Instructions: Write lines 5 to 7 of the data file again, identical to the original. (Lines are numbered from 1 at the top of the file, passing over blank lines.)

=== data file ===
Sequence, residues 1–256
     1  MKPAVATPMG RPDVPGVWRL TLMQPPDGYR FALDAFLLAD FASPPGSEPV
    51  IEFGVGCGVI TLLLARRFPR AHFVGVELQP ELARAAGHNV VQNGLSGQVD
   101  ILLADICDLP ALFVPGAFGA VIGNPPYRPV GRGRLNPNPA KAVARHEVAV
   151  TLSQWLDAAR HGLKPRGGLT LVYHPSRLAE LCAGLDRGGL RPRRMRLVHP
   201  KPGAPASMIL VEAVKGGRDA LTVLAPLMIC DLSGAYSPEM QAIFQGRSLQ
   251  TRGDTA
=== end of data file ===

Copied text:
   151  TLSQWLDAAR HGLKPRGGLT LVYHPSRLAE LCAGLDRGGL RPRRMRLVHP
   201  KPGAPASMIL VEAVKGGRDA LTVLAPLMIC DLSGAYSPEM QAIFQGRSLQ
   251  TRGDTA